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  • Trying to understand what Subclassing is

    I´m confused about subclassing. After I searched for an explanation
    on what subclassing is, I concluded that subclassing is what we know as
    callback functions or procedures: The callback function receives the
    messages sent from the current window, processes certain messages and
    all other messages not dealt with within the callback procedure are
    passed to the OS own internal procedures.

    Am I right? If I´m not can anyone suggest where can I find information
    on the subject?

    I´ve have seen some examples in the forum but I don´t quite grasp
    the true meaning of subclassing.

    ------------------

  • #2
    Originally posted by Pedro Ramirez:
    Am I right? If I´m not can anyone suggest where can I find information
    on the subject?
    Pedro,

    your conclusion sounds right to me. Microsoft offers a quite good explanation as well:

    "If a control does almost everything you want but you need a few more features you can change or add features to the original control by subclassing it. A subclass can have all the features of an existing class, as well as any additional features you want to give it.

    Subclassing is a technique that allows an application to intercept and process messages sent or posted to a particular window before the window has a chance to process them.

    To make a new control it is best to start with one of the Windows common controls and extend it to fit a particular need. To extend a control, create a control and replace its existing window procedure with a new one. The new procedure intercepts the control's messages and either acts on them or passes them to the original procedure for default processing."

    You will find more information in MSDN like details for Subclassing Controls. There is a search field -- just type in "subclassing" and you will get a lot more information from Microsoft.

    ------------------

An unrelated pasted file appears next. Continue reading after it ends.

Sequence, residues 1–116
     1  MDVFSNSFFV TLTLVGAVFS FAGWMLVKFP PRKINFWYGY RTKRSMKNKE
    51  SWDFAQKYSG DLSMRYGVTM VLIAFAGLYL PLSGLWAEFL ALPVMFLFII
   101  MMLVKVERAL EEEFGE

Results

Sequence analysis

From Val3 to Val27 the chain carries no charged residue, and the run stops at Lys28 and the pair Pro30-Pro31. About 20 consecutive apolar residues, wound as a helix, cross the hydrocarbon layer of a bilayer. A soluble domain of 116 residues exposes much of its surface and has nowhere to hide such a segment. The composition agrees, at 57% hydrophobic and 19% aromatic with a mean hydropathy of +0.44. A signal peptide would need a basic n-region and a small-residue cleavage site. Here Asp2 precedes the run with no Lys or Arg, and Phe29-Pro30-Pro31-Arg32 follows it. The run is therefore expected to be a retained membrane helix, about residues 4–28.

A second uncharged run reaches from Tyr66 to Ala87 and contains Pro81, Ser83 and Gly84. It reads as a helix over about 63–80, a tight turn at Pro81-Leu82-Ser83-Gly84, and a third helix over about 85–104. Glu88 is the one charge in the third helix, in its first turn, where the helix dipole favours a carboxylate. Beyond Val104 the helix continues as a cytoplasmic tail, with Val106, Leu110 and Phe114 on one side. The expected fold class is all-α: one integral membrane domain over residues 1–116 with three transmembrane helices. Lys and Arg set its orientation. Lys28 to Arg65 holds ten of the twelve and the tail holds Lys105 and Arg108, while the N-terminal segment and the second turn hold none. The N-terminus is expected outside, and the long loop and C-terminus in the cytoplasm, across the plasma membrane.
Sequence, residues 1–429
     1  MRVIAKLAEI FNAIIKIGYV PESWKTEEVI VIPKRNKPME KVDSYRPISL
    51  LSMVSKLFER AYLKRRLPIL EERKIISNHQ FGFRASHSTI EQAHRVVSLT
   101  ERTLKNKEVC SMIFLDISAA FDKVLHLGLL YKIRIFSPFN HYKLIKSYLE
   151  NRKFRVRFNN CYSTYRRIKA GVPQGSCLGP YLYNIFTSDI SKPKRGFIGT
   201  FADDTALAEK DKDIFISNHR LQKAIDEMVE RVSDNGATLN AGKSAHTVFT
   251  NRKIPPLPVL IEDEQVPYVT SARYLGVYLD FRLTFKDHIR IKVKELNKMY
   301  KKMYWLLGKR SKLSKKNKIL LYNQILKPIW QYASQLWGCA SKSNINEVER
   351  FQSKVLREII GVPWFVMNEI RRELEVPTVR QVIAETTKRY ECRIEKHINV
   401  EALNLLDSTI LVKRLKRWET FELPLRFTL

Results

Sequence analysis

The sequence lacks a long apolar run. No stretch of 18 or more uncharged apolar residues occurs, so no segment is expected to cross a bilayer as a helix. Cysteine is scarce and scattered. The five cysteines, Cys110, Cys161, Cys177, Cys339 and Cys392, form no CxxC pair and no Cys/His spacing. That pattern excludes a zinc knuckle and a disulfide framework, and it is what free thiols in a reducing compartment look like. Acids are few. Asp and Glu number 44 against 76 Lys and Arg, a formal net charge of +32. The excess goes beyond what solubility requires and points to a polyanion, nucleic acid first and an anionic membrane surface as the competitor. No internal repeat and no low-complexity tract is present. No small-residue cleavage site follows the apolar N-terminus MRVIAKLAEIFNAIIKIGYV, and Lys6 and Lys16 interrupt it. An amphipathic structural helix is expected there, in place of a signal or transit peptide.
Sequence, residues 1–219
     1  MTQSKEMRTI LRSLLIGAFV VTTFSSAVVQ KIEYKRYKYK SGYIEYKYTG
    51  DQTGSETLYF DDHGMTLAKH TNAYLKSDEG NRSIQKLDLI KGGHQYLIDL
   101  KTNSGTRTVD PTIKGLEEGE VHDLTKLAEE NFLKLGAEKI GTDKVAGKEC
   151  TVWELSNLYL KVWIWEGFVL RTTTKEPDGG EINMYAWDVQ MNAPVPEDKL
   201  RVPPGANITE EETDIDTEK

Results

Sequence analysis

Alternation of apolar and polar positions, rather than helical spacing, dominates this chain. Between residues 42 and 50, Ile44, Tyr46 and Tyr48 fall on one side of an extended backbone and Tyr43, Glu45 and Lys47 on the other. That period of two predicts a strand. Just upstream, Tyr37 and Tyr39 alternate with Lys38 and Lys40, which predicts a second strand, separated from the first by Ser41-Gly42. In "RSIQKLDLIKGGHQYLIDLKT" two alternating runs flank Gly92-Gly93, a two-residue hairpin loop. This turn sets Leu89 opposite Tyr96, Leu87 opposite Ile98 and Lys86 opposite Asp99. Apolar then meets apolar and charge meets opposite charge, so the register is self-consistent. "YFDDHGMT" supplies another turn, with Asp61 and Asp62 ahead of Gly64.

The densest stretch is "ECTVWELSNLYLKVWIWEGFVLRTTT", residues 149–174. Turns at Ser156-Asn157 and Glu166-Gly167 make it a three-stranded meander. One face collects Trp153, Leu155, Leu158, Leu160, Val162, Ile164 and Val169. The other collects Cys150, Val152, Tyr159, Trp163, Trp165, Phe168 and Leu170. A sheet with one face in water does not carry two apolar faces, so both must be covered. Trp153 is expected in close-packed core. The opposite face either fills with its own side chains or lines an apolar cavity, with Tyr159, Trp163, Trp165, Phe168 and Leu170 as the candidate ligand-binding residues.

Additional forums for German speaking PowerBASIC user
    http://www.kirschbaum-software.biz/u...ubbthreads.php
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    Josef Kirschbaum - [email protected]

    Comment


    • #3
      Subclassing 101:

      Every window has its own class (ie. edit, static, etc.). A Class
      is a specific type of window with specific features. The edit class
      allows typing in text. The button class actually is multiple controls,
      such as a button, checkbox, optionbutton or frame.

      Dialogs are a unique window class predefined by windows. Controls
      are also predefined by windows. You can also create your own
      custom window class as well, as is done with SDK style coding
      (non-ddt).

      Every window class at some point must be registered with windows.
      When a class is registered one parameter passed is the address
      to the window procedure for the class. The predefined window
      classes all have their own window procedure which exist within
      the operating system DLL's. When your applications must send
      messages to a predefined window class, windows will send it to
      the window procedure in the OS DLL's for that class.

      Every window procedure looks like this:

      Code:
      FUNCTION WindowProc(BYVAL hWnd AS LONG, BYVAL Msg AS LONG, BYVAL wParam AS LONG, BYVAL lParam AS LONG) AS LONG
          SELECT CASE Msg
              ' define all custom message processing below
              CASE %WM_CREATE
              CASE %WM_DESTROY
              CASE ELSE
          END SELECT
      FUNCTION=DefWindowProc(hWnd,Msg,wParam,lParam)
      END FUNCTION
      By default window messages are processed by the DefWindowProc
      function. This function processes all messages in a default
      way. The window procedure may also include processing of any
      message to customize how the class will look and act. Also
      the window procedure will likely have custom messages
      (%WM_USER + SomeNumber) that handle custom features of the
      window class. For example the edit control has custom messages
      which start with the prefix %EM_ .

      When you, the programmer, create (register) your own window class,
      you have access to the window procedure for that class in your
      application. The problem with the predefined window classes